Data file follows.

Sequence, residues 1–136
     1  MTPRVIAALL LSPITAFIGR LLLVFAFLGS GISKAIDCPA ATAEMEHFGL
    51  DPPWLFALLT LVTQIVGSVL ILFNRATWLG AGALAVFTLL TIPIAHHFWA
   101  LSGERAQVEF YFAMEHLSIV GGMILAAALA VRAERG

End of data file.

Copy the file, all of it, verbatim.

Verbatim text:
Sequence, residues 1–136
     1  MTPRVIAALL LSPITAFIGR LLLVFAFLGS GISKAIDCPA ATAEMEHFGL
    51  DPPWLFALLT LVTQIVGSVL ILFNRATWLG AGALAVFTLL TIPIAHHFWA
   101  LSGERAQVEF YFAMEHLSIV GGMILAAALA VRAERG